Update, February 2008

Following on from the galley alterations noted in the previous newsletter various personnel involved in galley operations went on a HACCP course on food hygiene (Hazard, Analysis, Critical, Control Point) and passed with flying colours. Nick and Lyal also attended a First Aid Course and again passed. A passing point of interest…when the local health officer inspected the galley she was impressed but unfortunately did not know what category to put the Puffer in so we are officially classified as a marine mobile hamburger stand !!

It was a great thrill to organise a 12 day cruise from Ardrishaig to Glasgow and back and which included participating in the Glasgow River Festival. After being greeted by Richard Davies the Maritime Director we had two days of great fun. Kenny Pirie was seen persuading local entertainers, bagpipers and belly dancers on board to do their own thing ( if the censor allows look out for photo’s of the belly dancers and see if you can spot the Skipper…he’s in the line up! ). With the help of Rachel, Alice and Colin and Isobel Sharp we collected £1000 in sales and donations from the generous Glaswegians. There was also a visit to the Clyde Coastguards at Greenock where it was great to put faces to names and to see the impressive array of equipment that is that their disposal.

During the year we also came across the Navy’s new destroyer D 32 on its working up cruise near Largs and caused a minor security scare by ‘creeping’ up behind them, passing close alongside and whistling and dipping our ensign. She was still in dockyard hands at the time and flying the Blue ensign, she returned our whistle with a siren that nearly blasted us out of the water, recognised our dipped ensign and eventually lowered hers. At this moment we saw approaching at high speed a police launch, we were just about to throw the skipper overboard when they waved in a friendly fashion and stormed off in another direction.

There was an embarrassing incident in Tayvallich Bay when on a windy day and with Richard Albanese in control when we missed the gap between the island in the middle of the bay and the southern peninsular and ended up on the rocks ! After 4 hours and by dint of moving heavy equipment and getting all the passengers to move to the port side we floated off. With Richard’s confidence slightly damaged but an invaluable lesson learnt we continued with the cruise.

There was also an amusing incident after we had moored off the Loch Melfort hotel one night. We had steamed off the next morning to arrive back at Crinan when Nick received a call from the Coastguard saying that the police wanted to contact us. As mobiles do not work at Crinan we had to wait till we were alongside and could use a land line. We then ran the police but for 1 hour 40 minutes got no response…..it appeared that they changed their number ! When they did arrive it transpired that the telephone box at the Loch Melfort hotel had been stolen the night before and that as we were there overnight we were regarded as suspicious characters. However once they had interviewed everyone they said we looked pretty honest and departed.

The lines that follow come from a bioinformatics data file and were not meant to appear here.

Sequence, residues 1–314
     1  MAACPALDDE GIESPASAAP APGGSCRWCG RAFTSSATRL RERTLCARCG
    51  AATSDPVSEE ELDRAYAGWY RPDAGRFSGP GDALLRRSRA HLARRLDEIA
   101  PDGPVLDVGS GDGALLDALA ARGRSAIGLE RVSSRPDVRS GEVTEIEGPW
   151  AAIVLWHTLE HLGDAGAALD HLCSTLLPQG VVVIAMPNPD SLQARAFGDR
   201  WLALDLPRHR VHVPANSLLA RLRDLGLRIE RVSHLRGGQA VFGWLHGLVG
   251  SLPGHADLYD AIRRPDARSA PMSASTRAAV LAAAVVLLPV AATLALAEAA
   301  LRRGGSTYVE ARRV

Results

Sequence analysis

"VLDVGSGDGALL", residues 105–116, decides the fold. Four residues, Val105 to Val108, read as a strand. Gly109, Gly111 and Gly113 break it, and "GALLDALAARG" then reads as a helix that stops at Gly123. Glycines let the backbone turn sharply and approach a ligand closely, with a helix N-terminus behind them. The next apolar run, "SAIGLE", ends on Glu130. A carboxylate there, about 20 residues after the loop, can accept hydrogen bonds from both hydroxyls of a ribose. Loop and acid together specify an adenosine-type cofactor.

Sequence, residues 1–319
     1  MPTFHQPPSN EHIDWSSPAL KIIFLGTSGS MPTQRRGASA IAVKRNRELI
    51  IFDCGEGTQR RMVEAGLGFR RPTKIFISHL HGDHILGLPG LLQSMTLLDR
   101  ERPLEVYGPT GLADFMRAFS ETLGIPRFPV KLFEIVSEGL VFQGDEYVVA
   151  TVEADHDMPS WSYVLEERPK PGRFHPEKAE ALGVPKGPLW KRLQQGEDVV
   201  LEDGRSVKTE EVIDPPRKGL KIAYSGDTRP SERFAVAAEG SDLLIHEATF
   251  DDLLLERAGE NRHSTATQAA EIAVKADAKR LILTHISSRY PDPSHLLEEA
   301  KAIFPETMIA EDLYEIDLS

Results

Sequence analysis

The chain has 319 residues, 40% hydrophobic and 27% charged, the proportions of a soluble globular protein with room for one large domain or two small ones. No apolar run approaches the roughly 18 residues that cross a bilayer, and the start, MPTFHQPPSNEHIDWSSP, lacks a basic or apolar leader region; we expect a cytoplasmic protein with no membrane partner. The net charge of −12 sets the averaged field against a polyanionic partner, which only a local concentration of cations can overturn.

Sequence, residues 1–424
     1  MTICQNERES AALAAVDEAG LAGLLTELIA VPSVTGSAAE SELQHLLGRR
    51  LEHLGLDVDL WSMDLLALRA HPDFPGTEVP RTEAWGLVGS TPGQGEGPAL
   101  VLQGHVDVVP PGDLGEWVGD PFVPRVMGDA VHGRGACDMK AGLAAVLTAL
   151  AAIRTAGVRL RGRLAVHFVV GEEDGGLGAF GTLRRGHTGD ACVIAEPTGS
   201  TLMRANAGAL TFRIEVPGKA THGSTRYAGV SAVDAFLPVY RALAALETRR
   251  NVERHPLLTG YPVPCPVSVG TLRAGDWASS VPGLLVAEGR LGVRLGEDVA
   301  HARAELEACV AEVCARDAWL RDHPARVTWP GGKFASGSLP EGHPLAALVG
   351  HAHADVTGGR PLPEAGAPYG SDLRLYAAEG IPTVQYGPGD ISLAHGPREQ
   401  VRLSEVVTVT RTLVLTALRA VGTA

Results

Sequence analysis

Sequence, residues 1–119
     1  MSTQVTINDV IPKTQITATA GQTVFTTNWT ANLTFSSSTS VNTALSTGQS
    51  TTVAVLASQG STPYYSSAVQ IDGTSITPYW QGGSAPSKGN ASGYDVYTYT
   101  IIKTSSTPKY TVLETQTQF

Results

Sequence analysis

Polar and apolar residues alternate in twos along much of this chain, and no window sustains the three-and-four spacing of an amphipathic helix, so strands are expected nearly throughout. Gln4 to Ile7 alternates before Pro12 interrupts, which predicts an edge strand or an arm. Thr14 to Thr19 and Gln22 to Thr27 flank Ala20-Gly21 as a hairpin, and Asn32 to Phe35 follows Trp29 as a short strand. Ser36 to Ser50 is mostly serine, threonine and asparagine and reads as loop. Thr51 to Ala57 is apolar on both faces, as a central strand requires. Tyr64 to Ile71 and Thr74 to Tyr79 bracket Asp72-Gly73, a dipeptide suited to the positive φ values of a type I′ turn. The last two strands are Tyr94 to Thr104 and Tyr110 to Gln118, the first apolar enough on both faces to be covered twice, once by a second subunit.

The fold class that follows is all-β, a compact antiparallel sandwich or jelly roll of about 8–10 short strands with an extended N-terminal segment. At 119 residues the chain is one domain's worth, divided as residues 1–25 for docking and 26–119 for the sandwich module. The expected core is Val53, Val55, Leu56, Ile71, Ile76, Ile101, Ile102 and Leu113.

The end of season cruise’s on the Caledonian Canal were notable for a number of reasons, the supply of mushrooms picked by the skipper and Richard on their rambles in the local area, the sighting of osprey, kingfishers, and Golden Eagles. After waiting for the army to move it’s tank landing craft and for the dredger Shearwater to pass through the locks at Inverness we entered the Beauly Firth, struggled under the Kessock Bridge and off Fort George and Chanonry Point were treated to a fine display by a school of dolphins. There was also a trial of two tons of compressed wood bricks, now called ‘weetabix’ to see how it compared to coal ( not favourably ). We also picked up with the aid of passengers, an enormous pile of wood from the lock keeper at Clachnaharry that had been dredged up ,and then spent the next week convincing Lyall the engineer to use it in the boiler.

Time was spent in the shipyard at Corpach at the end of the season for VIC32’s annual overhaul, and then she was steamed back to Crinan, via an overnight at Oban where high winds caused her to drag her anchor, arrving back on the 12th November.

Thanks go again to the crew and volunteers for all their efforts which are much appreciated, to the passengers who made the trips fun and not least of all you the ‘Friends’ for supporting such a worthwhile cause.

Mike Smith